The sultan, rightly or wrongly, must have been convinced of what state Umno/BN leader Najib Abdul Razak told him during a meeting yesterday morning – that BN enjoyed the majority support in the state assembly.

najib pc on bn takeover of perak state with 4 aduns 050209The sultan also individually questioned the four defectors – of which three are independents and one had returned to Umno – of their support for the BN government.

He also got an undertaking from them that they will continue to support the new BN government.

And with that, the sultan decided that Mohd Nizar does not have the majority support of the assembly which the BN enjoyed now, and that there was no need to dissolve the assembly as he can ask the Pakatan government to step down and hand power over to the BN.

These are all fair and right as far as the sultan’s reading of the state constitution, especially the important Article 16(6) of the constitution.

And many legal experts will also agree with the sultan’s reading of the constitution, never mind the fact that the status of the three independents are still under dispute.

However, it must be said that while the sultan had used his legal mind to the matter, he had failed in thinking as the ruler of his subjects.

There are at least three factors that the sultan seemed to have missed in making his decision to hand over power to BN.

Is this what the rakyat want?

Firstly, the people’s wishes. During the last general election, they overwhelmingly voted for Pakatan Rakyat, giving the alliance the sufficient numbers to stake a majority in the state assembly.

The sultan has now reversed that by booting out that people-elected government and handed over the power to a coalition which failed to secure the sufficient numbers.

Even the victories of at least two of the three independents – both first time state assemblypersons - can be confidently said to be due to their party and not their personalities.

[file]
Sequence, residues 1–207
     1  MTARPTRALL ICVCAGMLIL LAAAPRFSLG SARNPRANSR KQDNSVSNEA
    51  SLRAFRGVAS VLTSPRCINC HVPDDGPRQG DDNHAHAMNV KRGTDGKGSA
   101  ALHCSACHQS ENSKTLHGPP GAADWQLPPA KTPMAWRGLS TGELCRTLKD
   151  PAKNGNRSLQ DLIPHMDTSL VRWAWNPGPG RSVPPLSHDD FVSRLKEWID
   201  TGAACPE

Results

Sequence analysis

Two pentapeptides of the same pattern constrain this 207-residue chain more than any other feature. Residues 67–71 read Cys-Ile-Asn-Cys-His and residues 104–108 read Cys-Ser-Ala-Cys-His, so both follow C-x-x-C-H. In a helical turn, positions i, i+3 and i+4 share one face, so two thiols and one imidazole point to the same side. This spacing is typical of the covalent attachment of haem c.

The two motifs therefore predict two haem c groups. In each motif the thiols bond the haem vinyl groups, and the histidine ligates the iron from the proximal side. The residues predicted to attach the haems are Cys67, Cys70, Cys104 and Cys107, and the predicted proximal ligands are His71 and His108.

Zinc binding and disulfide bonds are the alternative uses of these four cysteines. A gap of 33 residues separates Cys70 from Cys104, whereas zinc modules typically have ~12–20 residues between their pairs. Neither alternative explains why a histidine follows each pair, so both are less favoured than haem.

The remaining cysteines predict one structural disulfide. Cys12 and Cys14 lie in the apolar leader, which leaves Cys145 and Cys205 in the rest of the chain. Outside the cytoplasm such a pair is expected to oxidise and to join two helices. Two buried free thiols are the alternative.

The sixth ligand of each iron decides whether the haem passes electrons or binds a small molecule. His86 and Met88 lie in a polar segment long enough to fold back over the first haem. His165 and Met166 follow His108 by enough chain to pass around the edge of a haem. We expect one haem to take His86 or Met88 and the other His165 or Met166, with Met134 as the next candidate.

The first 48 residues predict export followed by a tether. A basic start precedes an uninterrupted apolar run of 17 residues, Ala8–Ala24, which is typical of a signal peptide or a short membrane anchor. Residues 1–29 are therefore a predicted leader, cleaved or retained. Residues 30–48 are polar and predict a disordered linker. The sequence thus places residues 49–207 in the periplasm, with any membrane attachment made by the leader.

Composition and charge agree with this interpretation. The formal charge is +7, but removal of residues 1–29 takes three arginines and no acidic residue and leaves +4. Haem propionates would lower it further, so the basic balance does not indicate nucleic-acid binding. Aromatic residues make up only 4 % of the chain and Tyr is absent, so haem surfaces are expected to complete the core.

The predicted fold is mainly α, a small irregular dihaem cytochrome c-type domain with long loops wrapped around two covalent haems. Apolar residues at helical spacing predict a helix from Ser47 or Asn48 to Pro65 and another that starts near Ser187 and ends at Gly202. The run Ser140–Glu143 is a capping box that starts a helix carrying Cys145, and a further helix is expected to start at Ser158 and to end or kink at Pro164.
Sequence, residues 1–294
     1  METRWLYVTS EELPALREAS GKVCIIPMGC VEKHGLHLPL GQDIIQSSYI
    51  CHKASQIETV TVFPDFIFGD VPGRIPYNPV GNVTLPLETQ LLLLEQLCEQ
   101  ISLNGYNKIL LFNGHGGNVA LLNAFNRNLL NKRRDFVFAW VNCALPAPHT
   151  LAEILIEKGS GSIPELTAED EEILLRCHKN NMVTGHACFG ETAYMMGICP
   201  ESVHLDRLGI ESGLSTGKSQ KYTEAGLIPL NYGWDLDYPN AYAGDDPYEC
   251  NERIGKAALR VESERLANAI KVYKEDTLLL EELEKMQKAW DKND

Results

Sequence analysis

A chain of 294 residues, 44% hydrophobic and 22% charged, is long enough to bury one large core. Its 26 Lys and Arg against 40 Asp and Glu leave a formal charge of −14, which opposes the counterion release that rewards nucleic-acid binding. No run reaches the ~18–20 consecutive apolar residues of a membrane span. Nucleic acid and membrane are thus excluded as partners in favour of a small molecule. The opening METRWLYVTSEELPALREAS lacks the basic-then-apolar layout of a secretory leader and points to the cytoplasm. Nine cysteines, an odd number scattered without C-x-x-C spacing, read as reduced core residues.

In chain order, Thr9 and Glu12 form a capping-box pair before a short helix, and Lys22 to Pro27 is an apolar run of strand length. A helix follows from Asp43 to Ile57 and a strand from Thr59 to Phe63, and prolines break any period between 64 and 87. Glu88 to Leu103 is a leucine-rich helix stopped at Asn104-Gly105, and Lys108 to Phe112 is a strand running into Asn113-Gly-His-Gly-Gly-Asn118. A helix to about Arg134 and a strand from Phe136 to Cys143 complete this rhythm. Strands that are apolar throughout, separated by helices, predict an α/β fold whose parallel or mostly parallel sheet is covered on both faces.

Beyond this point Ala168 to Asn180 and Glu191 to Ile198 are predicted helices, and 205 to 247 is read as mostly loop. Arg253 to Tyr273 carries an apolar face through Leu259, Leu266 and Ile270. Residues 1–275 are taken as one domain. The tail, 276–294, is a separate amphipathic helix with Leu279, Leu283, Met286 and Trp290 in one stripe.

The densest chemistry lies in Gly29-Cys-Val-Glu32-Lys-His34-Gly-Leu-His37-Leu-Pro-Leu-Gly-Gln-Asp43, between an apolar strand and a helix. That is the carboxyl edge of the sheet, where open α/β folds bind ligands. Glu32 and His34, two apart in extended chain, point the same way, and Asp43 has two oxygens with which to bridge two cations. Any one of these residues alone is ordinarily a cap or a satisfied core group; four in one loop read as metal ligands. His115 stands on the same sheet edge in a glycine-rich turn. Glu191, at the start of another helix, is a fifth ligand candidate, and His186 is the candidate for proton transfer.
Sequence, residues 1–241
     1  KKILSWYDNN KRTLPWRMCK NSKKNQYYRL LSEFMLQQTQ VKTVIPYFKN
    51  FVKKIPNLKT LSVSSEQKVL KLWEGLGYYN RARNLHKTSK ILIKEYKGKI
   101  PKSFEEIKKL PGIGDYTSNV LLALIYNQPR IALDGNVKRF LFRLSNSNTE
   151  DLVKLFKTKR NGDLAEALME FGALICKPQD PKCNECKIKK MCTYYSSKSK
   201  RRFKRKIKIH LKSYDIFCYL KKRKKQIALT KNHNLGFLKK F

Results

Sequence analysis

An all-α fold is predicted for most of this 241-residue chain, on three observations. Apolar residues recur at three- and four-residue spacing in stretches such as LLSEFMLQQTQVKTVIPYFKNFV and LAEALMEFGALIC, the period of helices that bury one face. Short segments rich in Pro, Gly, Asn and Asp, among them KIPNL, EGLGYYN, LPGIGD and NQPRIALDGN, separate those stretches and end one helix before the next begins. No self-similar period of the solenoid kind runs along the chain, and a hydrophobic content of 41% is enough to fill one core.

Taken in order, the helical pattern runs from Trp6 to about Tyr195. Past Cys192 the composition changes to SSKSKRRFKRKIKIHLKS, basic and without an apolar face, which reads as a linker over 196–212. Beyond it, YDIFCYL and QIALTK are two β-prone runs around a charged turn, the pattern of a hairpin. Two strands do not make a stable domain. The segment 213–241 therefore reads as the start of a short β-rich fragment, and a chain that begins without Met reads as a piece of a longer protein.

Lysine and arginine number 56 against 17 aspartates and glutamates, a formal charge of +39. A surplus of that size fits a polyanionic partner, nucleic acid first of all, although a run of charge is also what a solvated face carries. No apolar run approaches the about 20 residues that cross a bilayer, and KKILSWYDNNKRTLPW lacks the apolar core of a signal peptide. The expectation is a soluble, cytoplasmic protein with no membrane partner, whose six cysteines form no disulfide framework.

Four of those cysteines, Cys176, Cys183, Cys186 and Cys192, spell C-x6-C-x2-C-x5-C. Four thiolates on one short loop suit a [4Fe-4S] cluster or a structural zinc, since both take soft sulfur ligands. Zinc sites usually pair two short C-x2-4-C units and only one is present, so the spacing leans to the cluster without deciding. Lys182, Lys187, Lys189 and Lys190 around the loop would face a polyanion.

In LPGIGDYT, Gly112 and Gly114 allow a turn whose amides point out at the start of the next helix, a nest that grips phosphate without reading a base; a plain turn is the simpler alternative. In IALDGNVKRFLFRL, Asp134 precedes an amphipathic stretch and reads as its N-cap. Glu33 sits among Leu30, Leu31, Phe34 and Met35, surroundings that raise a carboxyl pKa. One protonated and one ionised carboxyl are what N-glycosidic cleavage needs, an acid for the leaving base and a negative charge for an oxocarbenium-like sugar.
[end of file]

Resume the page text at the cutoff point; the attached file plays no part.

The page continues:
Thus, the best thing the sultan could have done was to send the matter back to the rakyat so that they can decide who they want to be in the state government.

“He is the guardian of his people. He must listen to their wishes. He cannot make a decision which the majority of his subjects do no approve,” said constitutional expert professor Abdul Aziz Bari.

“If we thought a constitutional crisis was looming yesterday, well it is with us today. Perak is facing a constitutional crisis and it is caused by its own sultan,” he added.

Abdul Aziz has a valid point. The sultan just needed to look at the various blogs, SMSes or even his own official website to get a glimpse of his rakyat’s thinking on the matter. He need not have to venture far out of his palace to determine the feeling of the people.

Can he stop further defections?

Secondly, the moral issue of letting a state government be formed with the aid of defectors, especially when some of them are scandal-tainted.

najib meet with sultan perak pc 050209 02The sultan could have advised BN to seek by-elections for the seats of the four defectors from Pakatan. He could have done this at the meeting with Najib. However, it is almost certain that BN would not have agreed to this as the outcome would not have been favourable at all.

Likewise, the four defectors themselves would not have agreed, simply because they could have been barred from contesting since they had resigned to allow the by-elections.

The sultan is learnt to have grilled the four defectors on the loyalty to the BN government. He had also sought and gained oral and written undertakings from them that they would not rock the new government.

But what’s the use of these undertakings. The sultan similarly took such undertakings from all Pakatan representatives last March before they could form the government and yet there were defections.

For all it matters, such undertakings are worthless. There is nothing to stop further defections from BN to Pakatan and the sultan would have to undergo the whole process all over again.

Given such circumstances, the sultan could have taken the best option out by dissolving the state assembly to call for a fresh mandate from the people.

What about his own convictions?